Virbai Seda, a 47-year-old resident of Zarpara villages says that earlier, every single day her family would have to either buy filtered water bottles or travel to get 20 litres water from the Panchayat. With a rainwater harvesting structure installed prior to the monsoon season last year, a 10,000 litre tank is filled, enough to fulfil the drinking and cooking water requirements for her family of five members until the next monsoon. Virbai’s home uses water from a recharged borewell for other domestic and irrigation purposes – they employ the drip irrigation method extensively. The family grow dates for commercial sale and alongside the NB21 grass for good quality and copious fodder for the cattle. An adjacent kitchen garden makes enough seasonal vegetables and fruits available for the household. The family benefits from the home biogas connection, the slurry from which is used as manure for the fields. This ‘model farm’ is a result of collaboration between the Seda family and the Foundation team.
Gulab Chauhan, Mangra
Not far from Zarpara is the Bhukhi river, on which the Adani Foundation had constructed two dams in 2011-12 and 2013-14 respectively. The rainwater from these catchment areas have recharged the groundwater which percolates to bore wells, making cultivation of fruits and vegetables possible again for farmers like Gulab Chauhan who hails from Mangra. He mentions that until two years ago, only 30-40% farms were operational due to water scarcity and high levels of TDS – the number has now increased to 80-90%, ensuring sustainable livelihoods for more than 500 farmers from villages like Bhorara, Mota Kapaya, Tappar, Depa etc.
Kanji Gadhvi, Navinal
Kanji Gadhvi, a farmer from Navinal, has just started to grow dragon fruit on a part of his 3-acre land which is not far from the sea. It is impossible to use the salty water for irrigation but the possibility of bringing piped water from 2 kms away has ensured that his fields, which are mostly covered by date palms, are well-nurtured.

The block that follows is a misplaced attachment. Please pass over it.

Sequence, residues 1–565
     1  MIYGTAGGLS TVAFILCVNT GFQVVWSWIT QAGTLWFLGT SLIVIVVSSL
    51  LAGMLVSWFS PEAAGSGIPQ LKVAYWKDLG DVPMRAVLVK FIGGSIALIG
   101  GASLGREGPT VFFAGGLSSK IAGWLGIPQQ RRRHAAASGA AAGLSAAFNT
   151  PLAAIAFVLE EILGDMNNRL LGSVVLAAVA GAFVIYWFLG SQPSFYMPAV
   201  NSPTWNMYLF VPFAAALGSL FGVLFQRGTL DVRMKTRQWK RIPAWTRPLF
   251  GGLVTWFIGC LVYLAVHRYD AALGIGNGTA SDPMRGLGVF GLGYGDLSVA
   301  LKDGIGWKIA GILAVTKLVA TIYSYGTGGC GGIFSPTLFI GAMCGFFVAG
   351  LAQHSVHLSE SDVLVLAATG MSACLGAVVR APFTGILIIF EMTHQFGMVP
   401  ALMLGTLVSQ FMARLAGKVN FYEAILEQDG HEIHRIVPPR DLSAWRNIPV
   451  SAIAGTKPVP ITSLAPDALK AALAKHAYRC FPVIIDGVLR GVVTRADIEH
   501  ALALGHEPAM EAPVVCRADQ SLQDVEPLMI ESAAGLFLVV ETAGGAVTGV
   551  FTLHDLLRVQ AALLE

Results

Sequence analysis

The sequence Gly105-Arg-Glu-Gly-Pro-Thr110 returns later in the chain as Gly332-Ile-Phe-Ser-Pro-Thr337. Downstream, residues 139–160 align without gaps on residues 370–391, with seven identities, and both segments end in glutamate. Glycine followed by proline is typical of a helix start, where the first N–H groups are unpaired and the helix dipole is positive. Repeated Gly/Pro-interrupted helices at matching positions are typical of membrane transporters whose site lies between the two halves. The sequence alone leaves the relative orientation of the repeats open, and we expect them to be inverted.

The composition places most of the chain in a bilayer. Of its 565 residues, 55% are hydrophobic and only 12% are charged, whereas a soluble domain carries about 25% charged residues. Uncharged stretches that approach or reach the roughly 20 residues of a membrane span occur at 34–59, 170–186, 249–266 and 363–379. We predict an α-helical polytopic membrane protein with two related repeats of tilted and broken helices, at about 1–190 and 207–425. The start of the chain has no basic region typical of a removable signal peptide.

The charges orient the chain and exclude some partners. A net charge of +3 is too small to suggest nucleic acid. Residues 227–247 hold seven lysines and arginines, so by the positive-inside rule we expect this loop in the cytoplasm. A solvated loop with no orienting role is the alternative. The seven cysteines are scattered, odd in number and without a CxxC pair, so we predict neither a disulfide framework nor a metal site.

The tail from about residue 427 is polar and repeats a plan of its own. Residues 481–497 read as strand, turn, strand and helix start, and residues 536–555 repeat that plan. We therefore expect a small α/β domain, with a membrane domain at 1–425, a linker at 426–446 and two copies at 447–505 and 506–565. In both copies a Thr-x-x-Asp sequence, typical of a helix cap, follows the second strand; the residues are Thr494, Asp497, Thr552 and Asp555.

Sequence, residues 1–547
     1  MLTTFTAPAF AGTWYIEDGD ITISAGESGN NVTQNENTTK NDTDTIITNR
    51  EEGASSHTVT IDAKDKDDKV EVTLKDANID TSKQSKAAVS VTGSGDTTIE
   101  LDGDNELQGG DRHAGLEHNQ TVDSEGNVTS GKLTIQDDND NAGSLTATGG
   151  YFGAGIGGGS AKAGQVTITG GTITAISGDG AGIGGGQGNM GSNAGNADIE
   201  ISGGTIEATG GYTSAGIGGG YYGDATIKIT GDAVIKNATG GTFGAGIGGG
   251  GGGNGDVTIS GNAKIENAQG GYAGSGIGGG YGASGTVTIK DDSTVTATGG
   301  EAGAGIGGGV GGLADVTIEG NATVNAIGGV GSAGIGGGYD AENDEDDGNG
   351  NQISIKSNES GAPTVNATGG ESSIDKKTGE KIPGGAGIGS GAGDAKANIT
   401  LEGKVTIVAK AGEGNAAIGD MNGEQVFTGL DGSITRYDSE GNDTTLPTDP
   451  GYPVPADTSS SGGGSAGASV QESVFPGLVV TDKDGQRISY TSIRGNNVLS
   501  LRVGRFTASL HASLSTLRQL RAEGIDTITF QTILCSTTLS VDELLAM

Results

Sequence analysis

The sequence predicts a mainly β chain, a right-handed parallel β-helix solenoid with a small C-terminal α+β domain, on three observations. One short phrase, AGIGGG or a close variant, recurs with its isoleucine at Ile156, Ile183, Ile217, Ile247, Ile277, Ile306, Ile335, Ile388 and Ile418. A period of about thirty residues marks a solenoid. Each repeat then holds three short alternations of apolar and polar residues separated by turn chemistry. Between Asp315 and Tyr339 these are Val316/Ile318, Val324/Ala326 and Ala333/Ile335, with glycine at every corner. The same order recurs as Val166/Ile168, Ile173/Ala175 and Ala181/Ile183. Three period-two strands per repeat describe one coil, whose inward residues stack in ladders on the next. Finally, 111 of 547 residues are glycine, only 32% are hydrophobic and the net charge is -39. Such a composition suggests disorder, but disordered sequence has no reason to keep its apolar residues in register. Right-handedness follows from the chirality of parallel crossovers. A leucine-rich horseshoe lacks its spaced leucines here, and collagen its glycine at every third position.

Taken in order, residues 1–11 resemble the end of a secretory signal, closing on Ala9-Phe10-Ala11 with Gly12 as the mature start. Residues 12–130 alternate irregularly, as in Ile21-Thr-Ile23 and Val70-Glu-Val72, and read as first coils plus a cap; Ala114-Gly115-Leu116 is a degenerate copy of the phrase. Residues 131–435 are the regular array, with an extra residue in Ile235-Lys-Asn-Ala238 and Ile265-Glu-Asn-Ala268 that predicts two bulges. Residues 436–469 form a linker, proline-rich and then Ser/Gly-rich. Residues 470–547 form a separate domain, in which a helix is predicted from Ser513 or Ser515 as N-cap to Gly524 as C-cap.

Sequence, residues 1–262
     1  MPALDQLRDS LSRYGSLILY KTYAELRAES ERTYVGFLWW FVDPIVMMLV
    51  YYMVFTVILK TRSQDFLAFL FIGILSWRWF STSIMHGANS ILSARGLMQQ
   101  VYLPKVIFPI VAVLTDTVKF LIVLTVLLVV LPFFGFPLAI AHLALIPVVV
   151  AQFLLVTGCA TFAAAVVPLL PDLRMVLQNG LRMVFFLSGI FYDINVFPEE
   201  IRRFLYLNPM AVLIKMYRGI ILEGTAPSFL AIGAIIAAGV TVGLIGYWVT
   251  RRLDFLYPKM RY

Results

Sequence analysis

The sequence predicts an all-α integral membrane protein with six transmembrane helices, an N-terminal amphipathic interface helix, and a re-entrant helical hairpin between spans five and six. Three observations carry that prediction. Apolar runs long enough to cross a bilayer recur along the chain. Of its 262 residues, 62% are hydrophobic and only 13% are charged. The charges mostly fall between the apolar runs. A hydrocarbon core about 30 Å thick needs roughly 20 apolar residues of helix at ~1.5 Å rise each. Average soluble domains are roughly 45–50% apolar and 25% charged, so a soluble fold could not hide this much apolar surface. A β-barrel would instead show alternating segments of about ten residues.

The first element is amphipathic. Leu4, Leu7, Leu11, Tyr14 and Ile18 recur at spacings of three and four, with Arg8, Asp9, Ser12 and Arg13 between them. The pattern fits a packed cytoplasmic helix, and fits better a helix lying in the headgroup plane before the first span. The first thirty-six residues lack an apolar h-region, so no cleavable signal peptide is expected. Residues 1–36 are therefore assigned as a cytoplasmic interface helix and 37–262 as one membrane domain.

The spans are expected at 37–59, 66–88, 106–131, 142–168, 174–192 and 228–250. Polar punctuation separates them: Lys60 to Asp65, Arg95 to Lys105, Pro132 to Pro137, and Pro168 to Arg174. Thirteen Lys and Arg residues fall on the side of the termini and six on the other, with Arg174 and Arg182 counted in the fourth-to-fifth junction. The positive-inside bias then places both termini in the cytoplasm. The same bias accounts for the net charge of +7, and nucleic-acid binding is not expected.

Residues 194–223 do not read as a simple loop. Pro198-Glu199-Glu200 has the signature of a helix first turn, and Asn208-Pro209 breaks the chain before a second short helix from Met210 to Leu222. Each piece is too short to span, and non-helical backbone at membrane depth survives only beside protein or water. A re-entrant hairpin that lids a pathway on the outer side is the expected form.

Adani Foundation’s water conservation initiatives have impacted more than 2.18 lakh people like Virbai, Gulab and Kanji. According to data from Water and Sanitation Management Organization (WASMO), the TDS in the ground water has dropped by 16.9% on an average, in 12 villages. Over the last 5 years, ground water table has risen by 4.2 ft. Storage capacities of check dams and ponds have increased by 106.44 MCFT. For farmers, this has translated into a 20% increase in net irrigated area, up to 40% increase in agricultural yield and 20% rise in revenue. Water availability has also ensured the safety and overall well-being of women and children in the area. On an average there has been up to 25% decrease in the families’ expenses on healthcare.
In recognition of our mission to go from water scarce status to water adequate condition, the Adani Ports and Special Economic Zone (APSEZ) Ltd, Mundra, Kutch, was awarded in 2019-20 the National Water Award – Best CSR in India for water conservation. Mobilizing community members, not just for their participation, but to make them stakeholders is imperative. Water literacy bolstered by sound practices in communities has cultivated good health, good crop as well as immense value. Water security and agricultural diversity translate into nutritional security and economic prosperity. And beyond those worthy goals, sustainable development and desirable ecological balance is becoming visible.
P.N. Roy Chowdhury
Executive Director, Adani Foundation